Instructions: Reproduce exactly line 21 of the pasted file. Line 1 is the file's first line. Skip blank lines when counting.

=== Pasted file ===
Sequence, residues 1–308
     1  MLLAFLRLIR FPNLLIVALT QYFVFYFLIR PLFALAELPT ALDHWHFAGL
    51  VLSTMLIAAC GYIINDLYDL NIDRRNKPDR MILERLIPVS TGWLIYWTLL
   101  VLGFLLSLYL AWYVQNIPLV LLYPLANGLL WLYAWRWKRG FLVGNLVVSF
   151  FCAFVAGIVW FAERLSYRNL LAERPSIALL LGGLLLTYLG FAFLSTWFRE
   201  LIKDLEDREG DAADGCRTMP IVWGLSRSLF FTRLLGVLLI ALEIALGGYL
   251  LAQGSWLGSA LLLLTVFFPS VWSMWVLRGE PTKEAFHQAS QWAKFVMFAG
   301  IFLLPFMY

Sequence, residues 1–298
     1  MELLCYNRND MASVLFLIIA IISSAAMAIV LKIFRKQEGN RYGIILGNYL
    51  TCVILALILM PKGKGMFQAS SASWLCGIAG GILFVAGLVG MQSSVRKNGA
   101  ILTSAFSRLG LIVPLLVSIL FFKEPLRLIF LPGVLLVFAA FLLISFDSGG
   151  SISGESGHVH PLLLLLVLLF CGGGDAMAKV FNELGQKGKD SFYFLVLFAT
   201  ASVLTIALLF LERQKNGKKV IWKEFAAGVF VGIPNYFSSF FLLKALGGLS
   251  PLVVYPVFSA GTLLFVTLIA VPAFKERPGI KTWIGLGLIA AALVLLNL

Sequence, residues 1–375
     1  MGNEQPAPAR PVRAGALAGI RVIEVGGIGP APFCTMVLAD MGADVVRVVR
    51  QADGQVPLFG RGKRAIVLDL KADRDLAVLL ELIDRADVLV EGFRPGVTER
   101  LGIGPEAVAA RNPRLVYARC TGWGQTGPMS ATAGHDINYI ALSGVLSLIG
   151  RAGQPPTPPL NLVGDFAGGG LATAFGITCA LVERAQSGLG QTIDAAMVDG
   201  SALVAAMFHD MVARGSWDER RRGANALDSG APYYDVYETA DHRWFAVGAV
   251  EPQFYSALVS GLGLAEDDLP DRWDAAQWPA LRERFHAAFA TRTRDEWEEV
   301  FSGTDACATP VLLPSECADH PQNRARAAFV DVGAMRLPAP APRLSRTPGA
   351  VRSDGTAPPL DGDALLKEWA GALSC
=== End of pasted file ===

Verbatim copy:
   201  SALVAAMFHD MVARGSWDER RRGANALDSG APYYDVYETA DHRWFAVGAV